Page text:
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July 5th 1969.
The Stones in the Park.
Rolling Stones, Family, Battered Ornaments (without Pete Brown), King Crimson, Roy Harper , Third Ear Band, Alexis Korner's New Church, Screw.
Photo courtesy © Chris Eve
photo © George Wallis
is the only Hyde Park concert about which
it was easy to find TOO MUCH information .Unfortunately , 99% of what is available
is related to the Rolling Stones performance, -which was dodgy to say the
least - but there is almost nothing about the other bands, who in general
out performed the Stones on the day. There was so much hype about this show,
and so much emotion, that when the event actually occurred, there was no
way that it could have managed to live up to its expectations. Also, true
to form , it was NOT a good place to debut a new line-up, like Blind Faith,
the Stones were not particularly well prepared , Jagger seemed ill at ease,
Keith was inexplicably reduced to a cipher. Whilst Mick Taylor did well
to perform so well in front of such a huge audience he
had not yet become an integral part of the bands sound .
I was there, along with a couple of hundred thousand others , but I must admit that I got far more enjoyment out of seeing The Who and good old Chuck Berry wow a couple of thousand souls in the Albert Hall later on in the afternoon- but I digress, more of that later......
|Is it really necessary to recap on the events leading up to this show ? Perhaps , if only for the younger readers benefit.... .Briefly, after many months of problems too numerous to recount here, founder Stone ,Brian Jones , left , or was chucked out of the band for good . Some said he was treated dreadfully by the Stones, thus exacerbating his personal problems, , others maintained that he was clearly past his musical use by date and was a washed up drug addled waste of space. Whatever, he left and very shortly was found dead in his swimming pool -in dubious circumstances that have never been properly explained . The free concert in Hyde Park that The Stones had planned to debut their new wunderkind guitarist Mick Taylor suddenly became a memorial concert in Brian's name as the shocked Stones tried to come to grips with the finality of Master Jones demise........|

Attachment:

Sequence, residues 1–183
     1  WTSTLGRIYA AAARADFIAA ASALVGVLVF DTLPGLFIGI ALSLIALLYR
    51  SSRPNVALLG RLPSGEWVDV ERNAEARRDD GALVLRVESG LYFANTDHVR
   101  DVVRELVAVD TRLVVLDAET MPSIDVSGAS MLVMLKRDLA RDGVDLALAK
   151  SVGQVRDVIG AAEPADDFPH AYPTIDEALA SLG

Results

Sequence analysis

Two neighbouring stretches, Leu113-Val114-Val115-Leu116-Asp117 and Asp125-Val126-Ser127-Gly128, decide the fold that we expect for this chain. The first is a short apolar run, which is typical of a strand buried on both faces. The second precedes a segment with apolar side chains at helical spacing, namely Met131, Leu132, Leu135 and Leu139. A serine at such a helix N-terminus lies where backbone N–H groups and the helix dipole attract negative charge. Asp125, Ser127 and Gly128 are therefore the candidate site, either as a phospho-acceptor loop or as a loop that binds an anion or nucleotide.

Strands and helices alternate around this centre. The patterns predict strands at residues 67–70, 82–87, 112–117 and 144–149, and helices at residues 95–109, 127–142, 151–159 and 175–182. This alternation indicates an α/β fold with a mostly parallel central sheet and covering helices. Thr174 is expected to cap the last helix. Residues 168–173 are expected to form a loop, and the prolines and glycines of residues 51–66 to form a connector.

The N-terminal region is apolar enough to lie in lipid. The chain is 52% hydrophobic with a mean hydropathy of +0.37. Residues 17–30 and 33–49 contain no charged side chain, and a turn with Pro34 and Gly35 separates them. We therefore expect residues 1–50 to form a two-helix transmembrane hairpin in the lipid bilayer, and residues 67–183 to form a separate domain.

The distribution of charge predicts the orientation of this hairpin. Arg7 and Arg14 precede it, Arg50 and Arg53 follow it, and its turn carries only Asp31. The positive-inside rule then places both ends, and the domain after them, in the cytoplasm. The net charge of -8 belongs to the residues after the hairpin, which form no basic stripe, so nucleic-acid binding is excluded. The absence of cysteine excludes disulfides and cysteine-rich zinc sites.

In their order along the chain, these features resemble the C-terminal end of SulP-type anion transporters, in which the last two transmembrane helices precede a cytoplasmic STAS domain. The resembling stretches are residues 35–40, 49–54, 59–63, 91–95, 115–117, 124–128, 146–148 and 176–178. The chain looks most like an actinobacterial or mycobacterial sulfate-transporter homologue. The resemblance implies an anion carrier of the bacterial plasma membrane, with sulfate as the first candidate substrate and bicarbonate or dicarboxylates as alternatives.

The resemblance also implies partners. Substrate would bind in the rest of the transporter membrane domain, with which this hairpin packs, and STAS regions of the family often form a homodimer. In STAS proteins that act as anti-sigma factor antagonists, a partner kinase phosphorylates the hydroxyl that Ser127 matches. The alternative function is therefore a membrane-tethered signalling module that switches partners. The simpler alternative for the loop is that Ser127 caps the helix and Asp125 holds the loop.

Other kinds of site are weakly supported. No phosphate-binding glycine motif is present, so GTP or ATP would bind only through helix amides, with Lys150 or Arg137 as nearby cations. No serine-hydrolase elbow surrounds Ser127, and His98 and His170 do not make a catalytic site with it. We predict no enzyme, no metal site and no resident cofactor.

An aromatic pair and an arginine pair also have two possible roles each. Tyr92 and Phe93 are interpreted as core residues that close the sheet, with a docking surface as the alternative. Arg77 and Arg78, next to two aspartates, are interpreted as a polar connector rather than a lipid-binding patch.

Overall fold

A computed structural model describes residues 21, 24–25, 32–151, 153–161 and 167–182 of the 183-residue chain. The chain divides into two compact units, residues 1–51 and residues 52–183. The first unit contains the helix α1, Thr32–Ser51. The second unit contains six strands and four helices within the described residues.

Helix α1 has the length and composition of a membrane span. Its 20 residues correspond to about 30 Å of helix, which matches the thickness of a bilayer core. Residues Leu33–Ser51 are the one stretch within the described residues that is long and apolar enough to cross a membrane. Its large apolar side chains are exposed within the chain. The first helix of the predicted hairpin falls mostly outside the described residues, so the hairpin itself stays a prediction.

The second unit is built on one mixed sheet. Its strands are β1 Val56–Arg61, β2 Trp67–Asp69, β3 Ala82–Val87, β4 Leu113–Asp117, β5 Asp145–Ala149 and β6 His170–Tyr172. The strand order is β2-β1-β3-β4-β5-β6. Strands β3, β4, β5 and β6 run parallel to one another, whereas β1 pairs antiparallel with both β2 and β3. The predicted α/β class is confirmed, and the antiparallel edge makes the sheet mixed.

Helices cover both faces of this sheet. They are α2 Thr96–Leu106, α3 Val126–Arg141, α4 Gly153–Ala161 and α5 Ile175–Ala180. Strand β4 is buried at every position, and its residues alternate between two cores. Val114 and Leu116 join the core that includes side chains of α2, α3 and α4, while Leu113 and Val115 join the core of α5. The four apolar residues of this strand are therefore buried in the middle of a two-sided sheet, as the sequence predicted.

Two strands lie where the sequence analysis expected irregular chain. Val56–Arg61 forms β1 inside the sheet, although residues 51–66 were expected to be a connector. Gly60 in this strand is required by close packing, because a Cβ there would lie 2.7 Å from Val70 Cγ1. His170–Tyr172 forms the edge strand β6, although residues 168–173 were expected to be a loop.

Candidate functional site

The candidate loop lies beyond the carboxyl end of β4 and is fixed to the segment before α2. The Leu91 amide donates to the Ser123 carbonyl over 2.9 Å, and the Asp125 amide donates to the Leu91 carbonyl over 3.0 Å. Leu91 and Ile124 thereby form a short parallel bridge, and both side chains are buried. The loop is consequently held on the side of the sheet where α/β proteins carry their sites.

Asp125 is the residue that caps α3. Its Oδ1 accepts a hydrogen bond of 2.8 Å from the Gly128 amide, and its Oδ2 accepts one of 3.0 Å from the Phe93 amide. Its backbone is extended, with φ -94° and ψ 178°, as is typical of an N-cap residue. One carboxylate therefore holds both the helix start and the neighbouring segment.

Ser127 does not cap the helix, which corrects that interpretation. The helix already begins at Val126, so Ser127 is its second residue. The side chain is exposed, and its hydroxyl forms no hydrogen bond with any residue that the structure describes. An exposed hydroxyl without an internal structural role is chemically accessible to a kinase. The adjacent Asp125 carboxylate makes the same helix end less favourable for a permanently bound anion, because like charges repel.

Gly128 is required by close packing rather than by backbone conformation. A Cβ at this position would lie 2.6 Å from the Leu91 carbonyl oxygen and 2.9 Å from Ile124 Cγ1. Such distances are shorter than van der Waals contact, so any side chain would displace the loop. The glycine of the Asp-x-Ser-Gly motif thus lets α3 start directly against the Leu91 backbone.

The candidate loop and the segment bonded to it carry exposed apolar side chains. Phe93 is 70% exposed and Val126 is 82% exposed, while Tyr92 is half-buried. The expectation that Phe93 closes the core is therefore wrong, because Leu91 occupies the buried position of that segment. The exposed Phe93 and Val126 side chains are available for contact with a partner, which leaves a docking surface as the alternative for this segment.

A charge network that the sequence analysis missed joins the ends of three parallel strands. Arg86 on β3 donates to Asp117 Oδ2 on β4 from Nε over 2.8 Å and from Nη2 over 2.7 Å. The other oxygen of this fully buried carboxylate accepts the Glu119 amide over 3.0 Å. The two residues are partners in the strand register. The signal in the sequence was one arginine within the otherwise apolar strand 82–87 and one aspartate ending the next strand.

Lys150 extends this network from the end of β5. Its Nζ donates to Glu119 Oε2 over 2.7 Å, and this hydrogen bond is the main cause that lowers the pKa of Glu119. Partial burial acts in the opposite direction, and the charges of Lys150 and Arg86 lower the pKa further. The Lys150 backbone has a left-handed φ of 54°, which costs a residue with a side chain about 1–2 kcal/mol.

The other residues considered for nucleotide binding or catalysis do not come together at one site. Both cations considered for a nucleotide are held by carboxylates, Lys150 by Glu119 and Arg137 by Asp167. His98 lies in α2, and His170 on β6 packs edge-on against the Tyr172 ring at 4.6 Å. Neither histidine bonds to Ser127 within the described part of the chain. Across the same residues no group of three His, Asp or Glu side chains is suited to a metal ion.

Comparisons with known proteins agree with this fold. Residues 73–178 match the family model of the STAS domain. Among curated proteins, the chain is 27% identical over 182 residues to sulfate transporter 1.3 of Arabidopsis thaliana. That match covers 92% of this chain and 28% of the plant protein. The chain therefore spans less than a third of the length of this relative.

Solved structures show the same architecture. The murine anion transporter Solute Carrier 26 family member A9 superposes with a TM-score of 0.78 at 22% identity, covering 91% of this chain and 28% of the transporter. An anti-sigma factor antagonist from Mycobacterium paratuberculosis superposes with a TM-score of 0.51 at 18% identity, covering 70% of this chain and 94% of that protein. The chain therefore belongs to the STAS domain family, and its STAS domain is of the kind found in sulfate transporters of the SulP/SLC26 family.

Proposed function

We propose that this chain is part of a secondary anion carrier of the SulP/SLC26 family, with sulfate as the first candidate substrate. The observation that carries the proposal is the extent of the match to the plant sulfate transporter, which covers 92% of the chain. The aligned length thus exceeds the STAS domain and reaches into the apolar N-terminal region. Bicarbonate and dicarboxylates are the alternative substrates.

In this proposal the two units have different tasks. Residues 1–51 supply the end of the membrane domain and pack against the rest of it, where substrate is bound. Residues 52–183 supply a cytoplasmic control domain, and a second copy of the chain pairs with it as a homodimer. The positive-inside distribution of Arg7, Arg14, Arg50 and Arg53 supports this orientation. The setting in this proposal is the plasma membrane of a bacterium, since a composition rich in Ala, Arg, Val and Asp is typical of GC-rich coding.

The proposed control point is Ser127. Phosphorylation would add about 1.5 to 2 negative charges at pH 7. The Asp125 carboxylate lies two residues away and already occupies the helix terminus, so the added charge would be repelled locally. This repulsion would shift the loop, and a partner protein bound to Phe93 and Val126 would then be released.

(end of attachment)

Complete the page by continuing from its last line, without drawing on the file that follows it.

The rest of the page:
Der Stones © John Leszczynski
However, as I've already said, this was not a musical triumph by any means. By the time we got to the show, there must have already been around 80.000 there and we managed to squeeze ourselves into a niche with a reasonably good view and some shade ,around the line of the first trees. Not exactly ringside seats, but near enough to get some idea of what was going on on-stage and to experience fairly good sound .
There were highlights, of course, Family were as usual , great , possibly the highlight of the day , but slightly muted by the distance. Roger Chapman , their manic lead singer, he with the voice that sounded like a mix of a strangled goat and an elderly parson having a seizure, or gargling some unpleasant liquid , was his usual wonderful over the top self and the crowd response was good. The fledgling King Crimson were a hit, their speedball paced "21st Century Schizoid Man" and Court Of The Crimson King , impressing many in the crowd, including myself. I was particularly taken by Fripp's guitar playing, more so than the material itself , which I always found a bit overbearing in those days, I really came on board the Crimson flagship around the Larks Tongues in Aspic era.
|These were the highlights for me .There were a lot of bands, but the others did not really hit the musical g spot. The Battered Ornaments ,without Pete Browns patent madness ,were just not the same , Alexis Korner -who I admired greatly- was ok , but came nothing near his real potential, even though he had some very good players in his band . Screw have faded away completely due to the fact that they were pretty awful , I liked the Third Ear Band , but they were too ethereal for this show to make any real impact and I can't remember Roy Harper even being on the bill, but then again, I saw him so many times in this era that the gigs just all melt into one mass . He was the sort of performer one needed to see close up to really appreciate his true worth - which was ( and still is ) considerable.|
A couple of attendees also maintain that Donovan did a very short set , but so far I have yet to see any press reports that confirm this , its possible, but they also may just be confusing two concerts as Donovan also played at the Blind Faith show a few months before.
The Stones themselves were a little lacking in energy and since we've all been able to view the film of the event, we can see that they were not on top form. However, its also fairly easy to see just why they were uncertain of themselves. They were under a lot of criticism about Brian Jones' death , many people saw the booting out of Jones as unfair in the first place and there were rumours that he had killed himself in despair over his ousting by Jagger and Richards. Then this was the debut of Mick Taylor. It must have been pretty daunting for Mick - to go out boldly armed only with a split infinitive and his axe and be expected to impress an audience of 250,000 in less than ideal circumstances. In the circumstances he did very well , in fact he probably played better then Keith did .......